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October 17, 1997 - Image 7

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The Michigan Daily, 1997-10-17

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NATION/WORLD

The Michigan Daily - Friday, October 17, 1997 - 7

*Acapulco
struggles
to stay
ydrated
ACAPULCO, Mexico (AP) -
Standing in huge, snaking lines along
Acapulco's sweltering, dust-caked
streets, thousands of people pleaded
Thursday for one of life's most basic
necessities: Water.
The shortage of clean water has
come critical since Hurricane Pauline
tore through southern Mexico last
week, killing at least 230 people.
Officials are trucking in tens of thou-
sands of gallons a day, but it is not
enough to quench the thirst of an
increasingly desperate population of 1.5
million.
Thousands of people lined up to pick
up half-liter bottles of water at a distri-
ution center in the Parque las Lajas
Wighborhood yesterday. Some came as
early as 3 a.m. To prevent unrest, a sol-
dier with an automatic rifle stood guard
at the front of the line.
Paula Tomatzin, a 27-year-old taco
vendor, made it to the front of the line
but was turned away by a worker. She
had an iodine mark on her right hand,
showing that she had already picked up
her daily ration.
"It's not enough for my whole family.
need more. I have three little children
and they don't have enough to drink,"
she begged.
It didn't work. Tomatzin walked
away, head hanging low.
The relief center's director, Juan
Jose Alarcon, said it was tough to turn
people away, but many hadn't gotten

AP PHOTO
Ricardo Salazar waits for his turn to recieve more drinking water with his sons Angel Salazar, 1, and Ricardo Salazar, 3, In La
Laja neighborhood in Acapulco, Mexico. The shortage of clean water since Hurricane Pauline has become critical.

any water yet. He was supposed to
stop handing out water at 5:30 every
afternoon, but he kept the center open
an extra couple of hours Wednesday
because the lines were still long. Even
then, he had to turn people away.
"Shamefully, most of Acapulco is
without water" he said. "There is a
great need."
The deadly flash floods unleashed by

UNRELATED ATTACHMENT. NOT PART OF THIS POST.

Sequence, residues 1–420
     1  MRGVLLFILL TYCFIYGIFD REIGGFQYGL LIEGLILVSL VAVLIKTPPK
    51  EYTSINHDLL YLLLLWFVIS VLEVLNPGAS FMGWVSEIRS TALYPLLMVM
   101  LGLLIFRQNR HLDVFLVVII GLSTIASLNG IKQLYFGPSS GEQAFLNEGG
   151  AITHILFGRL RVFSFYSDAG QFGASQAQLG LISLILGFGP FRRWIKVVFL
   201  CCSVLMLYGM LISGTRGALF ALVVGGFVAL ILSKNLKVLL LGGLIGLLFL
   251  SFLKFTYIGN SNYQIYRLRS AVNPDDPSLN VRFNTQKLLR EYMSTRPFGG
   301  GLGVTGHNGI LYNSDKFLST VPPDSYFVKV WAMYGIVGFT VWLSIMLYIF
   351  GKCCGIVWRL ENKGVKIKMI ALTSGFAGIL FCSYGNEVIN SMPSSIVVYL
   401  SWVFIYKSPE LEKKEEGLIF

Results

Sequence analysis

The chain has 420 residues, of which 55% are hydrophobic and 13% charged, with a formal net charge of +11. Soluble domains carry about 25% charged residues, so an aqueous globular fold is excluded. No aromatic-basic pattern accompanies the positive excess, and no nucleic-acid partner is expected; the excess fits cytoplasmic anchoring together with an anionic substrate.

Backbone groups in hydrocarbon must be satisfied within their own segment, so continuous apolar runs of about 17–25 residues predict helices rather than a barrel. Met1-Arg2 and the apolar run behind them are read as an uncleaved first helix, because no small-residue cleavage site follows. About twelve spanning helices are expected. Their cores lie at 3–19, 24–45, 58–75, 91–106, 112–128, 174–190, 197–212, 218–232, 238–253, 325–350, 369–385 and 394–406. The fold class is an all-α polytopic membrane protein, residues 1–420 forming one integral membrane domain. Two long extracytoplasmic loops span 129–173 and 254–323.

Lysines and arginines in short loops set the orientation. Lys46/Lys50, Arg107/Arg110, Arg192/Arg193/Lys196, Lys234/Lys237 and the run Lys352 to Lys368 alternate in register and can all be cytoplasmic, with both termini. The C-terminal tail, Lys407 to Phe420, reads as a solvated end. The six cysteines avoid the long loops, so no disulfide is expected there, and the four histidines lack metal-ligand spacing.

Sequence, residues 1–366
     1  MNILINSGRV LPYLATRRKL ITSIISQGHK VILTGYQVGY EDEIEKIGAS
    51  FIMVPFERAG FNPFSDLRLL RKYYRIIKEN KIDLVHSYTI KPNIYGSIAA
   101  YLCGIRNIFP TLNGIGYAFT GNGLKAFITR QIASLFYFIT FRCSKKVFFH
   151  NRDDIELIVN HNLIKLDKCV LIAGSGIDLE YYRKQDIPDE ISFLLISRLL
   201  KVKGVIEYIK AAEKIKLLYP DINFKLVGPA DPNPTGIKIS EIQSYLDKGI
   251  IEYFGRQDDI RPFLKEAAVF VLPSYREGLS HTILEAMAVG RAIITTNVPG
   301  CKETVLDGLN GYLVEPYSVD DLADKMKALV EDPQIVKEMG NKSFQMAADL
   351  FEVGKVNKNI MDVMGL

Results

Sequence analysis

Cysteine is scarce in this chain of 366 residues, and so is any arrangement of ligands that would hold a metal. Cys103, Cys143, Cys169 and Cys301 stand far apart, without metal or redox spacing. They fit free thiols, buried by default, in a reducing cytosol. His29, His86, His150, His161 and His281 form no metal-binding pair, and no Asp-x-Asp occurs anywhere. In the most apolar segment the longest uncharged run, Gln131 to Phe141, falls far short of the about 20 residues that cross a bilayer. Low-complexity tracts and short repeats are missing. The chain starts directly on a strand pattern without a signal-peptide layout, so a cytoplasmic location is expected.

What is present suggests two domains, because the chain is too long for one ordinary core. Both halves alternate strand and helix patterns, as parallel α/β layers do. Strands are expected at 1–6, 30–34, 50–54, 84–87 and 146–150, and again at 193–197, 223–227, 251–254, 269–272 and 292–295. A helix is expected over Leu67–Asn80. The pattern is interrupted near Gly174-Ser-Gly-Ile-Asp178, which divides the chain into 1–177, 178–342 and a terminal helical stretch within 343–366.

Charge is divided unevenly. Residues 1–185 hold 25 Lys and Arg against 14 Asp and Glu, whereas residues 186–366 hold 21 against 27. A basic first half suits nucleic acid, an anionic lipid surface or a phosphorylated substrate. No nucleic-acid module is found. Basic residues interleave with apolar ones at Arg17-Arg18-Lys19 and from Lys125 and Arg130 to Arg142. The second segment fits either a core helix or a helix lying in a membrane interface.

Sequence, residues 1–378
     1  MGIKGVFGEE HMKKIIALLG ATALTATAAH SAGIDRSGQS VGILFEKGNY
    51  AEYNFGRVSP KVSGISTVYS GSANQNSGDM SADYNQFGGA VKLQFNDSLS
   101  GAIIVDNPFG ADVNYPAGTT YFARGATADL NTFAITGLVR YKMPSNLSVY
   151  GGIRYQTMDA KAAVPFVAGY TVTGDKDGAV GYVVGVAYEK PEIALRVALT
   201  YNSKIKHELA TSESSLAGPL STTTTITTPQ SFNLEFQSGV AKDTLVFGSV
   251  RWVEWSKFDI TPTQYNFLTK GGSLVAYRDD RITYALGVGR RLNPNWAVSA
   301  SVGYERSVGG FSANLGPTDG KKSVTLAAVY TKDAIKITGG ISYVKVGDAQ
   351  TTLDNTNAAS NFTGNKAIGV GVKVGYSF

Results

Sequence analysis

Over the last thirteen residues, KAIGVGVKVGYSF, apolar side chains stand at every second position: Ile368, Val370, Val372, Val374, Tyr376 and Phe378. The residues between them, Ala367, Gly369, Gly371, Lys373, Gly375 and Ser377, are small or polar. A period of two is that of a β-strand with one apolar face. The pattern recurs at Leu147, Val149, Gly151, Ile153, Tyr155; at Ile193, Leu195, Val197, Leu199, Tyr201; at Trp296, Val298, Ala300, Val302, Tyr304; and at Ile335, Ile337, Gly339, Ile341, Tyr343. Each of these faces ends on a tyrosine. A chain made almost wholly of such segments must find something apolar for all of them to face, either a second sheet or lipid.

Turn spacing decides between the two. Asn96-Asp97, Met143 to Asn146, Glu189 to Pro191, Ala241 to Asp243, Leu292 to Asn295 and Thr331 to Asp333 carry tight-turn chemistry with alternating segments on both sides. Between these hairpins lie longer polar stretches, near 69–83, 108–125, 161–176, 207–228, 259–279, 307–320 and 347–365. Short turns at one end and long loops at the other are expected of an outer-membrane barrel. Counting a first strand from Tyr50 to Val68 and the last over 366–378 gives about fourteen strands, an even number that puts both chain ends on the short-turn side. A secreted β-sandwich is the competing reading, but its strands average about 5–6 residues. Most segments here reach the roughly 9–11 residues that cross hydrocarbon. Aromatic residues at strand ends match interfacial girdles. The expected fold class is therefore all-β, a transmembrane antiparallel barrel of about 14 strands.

Hurricane Pauline on Oct. 9 mangled
water pipes throughout the city and
heavily damaged the two main aque-
ducts that carry river * water to
Acapulco's water purification plants.
The smaller of the aqueducts was
repaired Wednesday, and by yesterday

30 percent of city residents had running
water far at least part of the day, said
Eleno Garcia Benavente, an official
with the National Water Commission.
Crews delivered an extra 1.3 million
gallons a day in bottles and tanker
trucks. But in many neighborhoods,
there simply wasn't any.
In the western suburbs, women piled
up sacks of flood-muddied clothes and
took hourlong bus rides to a river where
they could bathe and do their washing.
Downtown, people scooped water from
an open, gurgling manhole.
On the banks of the fetid Camarones
River, people dug holes in the mud, let
the sediment sink and scooped up liquid

from the top. Some were drinking it.
"It isn't good to drink, but we're
thirsty," said Selene Toribio
Abellanera, 21. "We adults can han-
dIe it, but children aren't as strong
and we have to look for bottled water
for them."
She had waited five hours to get that
bottled water - a ration of about 1 1/2
quarts for her family of four.
Already, waterborne diseases have
begun to appear. Officials said yester-
day that Acapulco had eight confirmed
cases of cholera, a bacterial infection
that causes diarrhea, dehydration and
sometimes death. Doctors warned of a
possible epidemic.

Reunited triplets part of health study

®19-year-olds meet in
surprise reunion, only to
learn they were part of a
behavioral experiment
Newsday
It seemed almost a miracle - three
ung men, strangers who had grown
up in separate families, discovering by
accident that they were identical
triplets.
The public devoured their inspiring
story as it made headlines around the
country in 1980. The trio, who had
grown up in the New York area,
appeared on "Good Morning America,"

"Today," "Donohue" and "Geraldo
Rivera." A movie of their lives was in
the works.
But for all the intense media cover-
age, a side of this seemingly happy
story has remained untold for 17 years,
a secret about their childhood that
stunned the triplets, Eddy Galland of
New Hyde Park, David Kellman of
Queens and Robert Shafran of
Scarsdale.
For when they found one another at
age 19, they also realized that they had
been part of a human experiment -
apparently funded partly by the
National Institute of Mental Health. For
years the same researchers came to

each of their homes under the guise of
conducting a "child development
study."
Throughout their childhoods their
behavior had been charted, their person-
alities monitored, their relationships
with their adoptive parents scrutinized.
The same researchers had gone from
the Gallands to the Kellmans to the
Shafrans, never telling the boys or their
parents the study's true nature or that
the boys had identical siblings living
nearby. Others were studied, as well,
including about a dozen pairs of identi-